Outings with twins – in Japan. Are they boys?

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This is how most outings with twins look like.

The picture is taken in Himeji Zoo last week when we went to see the cherry blossoms at Himeji castle. Just making it from the car to the castle took quite some time, due to not only the fact that the site was booming with tourists (both Japanese and foreign), but also because a good amount of these people wanted to say hello to the girls.

I don’t mind people’s curiosity or them wanting to chat for a bit. The girls actually seem to make the Japanese overcome their fear of talking to foreigners, of course they do often show great signs of relief when it turns out I do speak Japanese.

The attention does get a bit more complicated when people just decide to stop and stare and thus block passage ways, both for me and others. It still amazes me, how two simple twin girls can make such an amount of people stand in awe, hovering their jaws close to the ground. It’s just twins, not sextuplets.

I also have to come to terms with the fact that no matter how I dress the girls, people will always ask if at least one of them is a boy. No matter how much pink they wear, how frilly their dresses are or how much flower pattern they have on their shirts, for some reason people assume they’re boys. I simply don’t get it.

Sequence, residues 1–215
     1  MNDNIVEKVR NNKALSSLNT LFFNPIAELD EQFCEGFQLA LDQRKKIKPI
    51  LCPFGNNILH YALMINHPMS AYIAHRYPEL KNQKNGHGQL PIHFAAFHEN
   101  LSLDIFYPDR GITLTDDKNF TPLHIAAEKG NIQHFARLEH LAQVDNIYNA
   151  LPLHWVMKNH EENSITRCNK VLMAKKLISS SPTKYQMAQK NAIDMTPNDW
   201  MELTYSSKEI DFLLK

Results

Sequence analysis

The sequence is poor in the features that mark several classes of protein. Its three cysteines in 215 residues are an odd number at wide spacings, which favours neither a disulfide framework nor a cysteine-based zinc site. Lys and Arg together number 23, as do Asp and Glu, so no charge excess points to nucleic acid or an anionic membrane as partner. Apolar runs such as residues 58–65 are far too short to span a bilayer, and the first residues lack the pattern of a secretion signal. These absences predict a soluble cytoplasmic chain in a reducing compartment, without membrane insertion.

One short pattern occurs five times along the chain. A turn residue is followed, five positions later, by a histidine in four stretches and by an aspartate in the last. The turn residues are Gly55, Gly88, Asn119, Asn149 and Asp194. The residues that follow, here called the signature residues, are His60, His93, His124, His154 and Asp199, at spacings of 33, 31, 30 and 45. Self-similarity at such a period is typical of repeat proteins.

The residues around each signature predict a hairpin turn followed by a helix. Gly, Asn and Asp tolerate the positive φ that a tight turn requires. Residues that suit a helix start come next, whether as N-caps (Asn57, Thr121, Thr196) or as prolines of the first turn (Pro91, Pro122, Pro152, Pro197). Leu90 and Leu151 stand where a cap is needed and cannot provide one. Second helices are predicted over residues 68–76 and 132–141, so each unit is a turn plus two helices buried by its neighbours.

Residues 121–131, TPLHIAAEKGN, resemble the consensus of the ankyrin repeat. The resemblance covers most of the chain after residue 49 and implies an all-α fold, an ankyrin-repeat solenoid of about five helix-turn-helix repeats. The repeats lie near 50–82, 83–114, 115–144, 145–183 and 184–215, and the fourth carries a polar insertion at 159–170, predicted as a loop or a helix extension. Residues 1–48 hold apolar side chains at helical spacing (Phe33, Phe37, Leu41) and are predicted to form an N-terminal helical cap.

I know babies are hard to tell on their face alone, but shouldn’t their gender being hinted by their pink clothes? When we went to see cherry blossoms, Yurina was wearing a pink dress and Miharu was wearing a white dress and people actually asked if Miharu was a boy, since her dress was white… even it was blue, would you make a boy wear a dress?!

Let’s not forget the fact that their stroller is quite pink.

People seem quite obsessed with the whole idea of boy/girl twins and even when I tell them that they’re identical twins, people still ask if one of them is a boy.

I also know there’s quite a lot of people from Danish pregnancy communities who would hate taking their babies to Japan. Those kind of people who can’t stand the thought of people talking to their babies without permission or even worse – touching them. If I’m talking the girls farther away from home than the supermarket, I must expect at least one of two old ladies will touch their feet or hands.

I don’t really mind, the old Japanese ladies loves the girls and if the girls can bring them smiles they can touch their feet all they want, or at least until one of the girls starts crying and scare them off. I just find it interesting, being from a from a culture which is very strict with how you act with strangers’ babies and suddenly living in Japan where apparently having a cute baby is an invitation to let people touch them.

I do think the girls enjoy the attention. Not that they understand why people look at them, but the attention brings extra people who can do funny faces, entertain them and make them laugh. A good day for a baby.

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